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Register your interest to hear about postgraduate study and events at the University of Sheffield
Department of Psychology,
Faculty of Science
It’s widely recognised by modern neuroscience that taking a systems approach to exploring the brain is vital to understanding brain function. Systems neuroscience focuses on the interactions between neural structures in networks that influence sensori-motor control and information processing. It’s these interactions that provide us with a foundation for understanding the relationship between brain structure and brain function that underpins behaviour.
This 12-month course is designed to provide you with in-depth training into the core problems in systems neuroscience, and will develop your understanding of the disciplines and techniques used to address these problems such as computer simulation modelling, data visualisation and neuroanatomy.
Over three months you'll work on your research project in Cognitive Neuroscience with one of our world-leading experts in the Department of Psychology. Your research topic could range from theoretical to basic neuroscience. You may have the opportunity to collect and analyse real-life cognitive brain science data, using state-of-the-art equipment, before presenting your findings at our summer student-led conference.
The project gives you the opportunity to put your new techniques in experimental neuroscience into practice, while exploring ideas at the cutting-edge of cognitive neuroscience. It's common for MSc research projects to form the basis of publications in peer-reviewed journals.
- Previous project titles
- Impaired neurovascular coupling in hAPP-J20 Alzheimer's mice models following electrode insertion
- Investigating the effect of 5-HT2a receptor agonist 1P-LSD on cerebral blood flow and cerebral blood oxygenation in an animal model
- Autologous haematopoietic stem cell transplantation as a first line treatment in patients with very active relapsing remitting multiple sclerosis
- The contribution of cortical interneurons to neurovascular coupling: An optogenetic study
- Example past papers published, including student authors
- Brooke JM, James SS, Jiminez-Rodriguez A, Wilson SP (2022) Biological action at a distance: Correlated pattern formation in adjacent tessellation domains without communication. PLoS Computational Biology. doi:10.1371/journal.pcbi.1009963
- Wilson SP, James SJ, Whiteley DJ, Krubitzer LA (2019) Limit cycle dynamics can guide the evolution of gene regulatory networks towards point attractors. Scientific Reports 9: 16750. doi:10.1038/s41598-019-53251-w
- Bruyns-Haylett M, Luo J, Kennerley AJ, Harris S, Boorman L, Milne E, Vautrelle N, Hayashi Y, Whalley BJ, Jones M, Berwick J, Riera J & Zheng Y (2016) The neurogenesis of P1 and N1: a concurrent EEG/LFP study. NeuroImage.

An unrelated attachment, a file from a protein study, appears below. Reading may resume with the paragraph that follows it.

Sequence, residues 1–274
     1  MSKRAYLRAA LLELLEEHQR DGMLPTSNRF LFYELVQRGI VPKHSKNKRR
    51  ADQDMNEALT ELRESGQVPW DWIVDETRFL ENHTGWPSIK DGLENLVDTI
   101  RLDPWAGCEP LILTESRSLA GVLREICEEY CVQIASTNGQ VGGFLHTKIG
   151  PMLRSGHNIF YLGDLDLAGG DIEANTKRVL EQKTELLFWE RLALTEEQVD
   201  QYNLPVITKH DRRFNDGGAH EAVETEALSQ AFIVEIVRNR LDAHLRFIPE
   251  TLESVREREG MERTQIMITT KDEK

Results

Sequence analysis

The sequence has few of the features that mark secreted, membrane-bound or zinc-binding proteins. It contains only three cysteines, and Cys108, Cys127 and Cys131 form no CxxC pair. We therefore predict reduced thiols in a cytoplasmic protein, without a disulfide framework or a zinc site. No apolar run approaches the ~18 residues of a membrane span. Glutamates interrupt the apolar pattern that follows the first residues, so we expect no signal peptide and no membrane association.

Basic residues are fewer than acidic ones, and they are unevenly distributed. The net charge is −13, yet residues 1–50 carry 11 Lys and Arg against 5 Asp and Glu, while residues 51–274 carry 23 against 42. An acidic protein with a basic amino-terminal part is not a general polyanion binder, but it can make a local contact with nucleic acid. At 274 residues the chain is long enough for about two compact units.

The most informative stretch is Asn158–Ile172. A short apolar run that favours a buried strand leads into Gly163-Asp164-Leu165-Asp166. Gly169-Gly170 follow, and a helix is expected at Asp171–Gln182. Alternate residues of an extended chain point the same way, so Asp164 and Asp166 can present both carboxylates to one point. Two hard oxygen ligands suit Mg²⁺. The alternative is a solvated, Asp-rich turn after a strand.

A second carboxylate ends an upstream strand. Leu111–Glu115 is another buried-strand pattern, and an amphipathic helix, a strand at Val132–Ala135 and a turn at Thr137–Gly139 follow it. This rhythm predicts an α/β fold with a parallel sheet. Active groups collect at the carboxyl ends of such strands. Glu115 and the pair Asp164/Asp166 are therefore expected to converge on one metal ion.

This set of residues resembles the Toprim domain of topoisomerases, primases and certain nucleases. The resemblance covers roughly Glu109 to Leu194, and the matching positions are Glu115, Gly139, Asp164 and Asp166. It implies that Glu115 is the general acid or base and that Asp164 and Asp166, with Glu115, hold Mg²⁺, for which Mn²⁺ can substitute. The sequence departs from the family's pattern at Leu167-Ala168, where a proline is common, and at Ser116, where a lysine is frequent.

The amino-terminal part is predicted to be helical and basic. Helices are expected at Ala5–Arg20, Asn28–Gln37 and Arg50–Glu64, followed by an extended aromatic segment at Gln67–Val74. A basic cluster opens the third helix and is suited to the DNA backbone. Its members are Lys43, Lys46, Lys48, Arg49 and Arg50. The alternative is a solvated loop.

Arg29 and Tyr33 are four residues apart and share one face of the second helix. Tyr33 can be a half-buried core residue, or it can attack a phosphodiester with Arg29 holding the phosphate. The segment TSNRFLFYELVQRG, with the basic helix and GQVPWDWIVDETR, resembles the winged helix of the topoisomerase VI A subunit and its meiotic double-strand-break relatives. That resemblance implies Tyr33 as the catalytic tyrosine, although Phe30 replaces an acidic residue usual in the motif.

- Dickinson A, Jones M & Milne E (2016) Measuring neural excitation and inhibition in autism: different approaches, different findings and different interpretations. Brain Research.
- Slack R, Boorman L, Patel P, Harris S, Bruyns-Haylett M, Kennerley A, Jones M & Berwick J (2016) A novel method for classifying cortical state to identify the accompanying changes in cerebral haemodynamics. Journal of Neuroscience Methods, 267, 21-34.
If you have a passion for understanding the brain and behaviour, whether your background stems from biology, engineering, physics, mathematics, psychology or medicine, this interdisciplinary course has been designed to ensure that all students gain in-depth knowledge of the fundamentals of neuroscience, ready for an exciting career in research or industry.
The University is home to the Neuroscience Institute which brings together internationally-recognised expertise in medicine, science and engineering to improve the lives of patients and families affected by neurological, sensory and developmental disorders.
Other courses in cognitive neuroscience
We offer MSc courses that cover the full breadth of cognitive neuroscience, from the biological basis, to imaging and simulation, allowing you to discover the area that you’re most interested in:
- Fundamentals of Neuroscience
The module provides an introduction to core aspects of contemporary neuroscience, and it will consider the current state of knowledge in the field, central theoretical issues and key practical approaches. Topics that are discussed include: neural signalling, sensation and sensory processing, movement and its central control, the 'changing brain' (development and plasticity in the nervous system) and complex brain functions.15 credits
- Computational Neuroscience 1: Biologically Grounded Models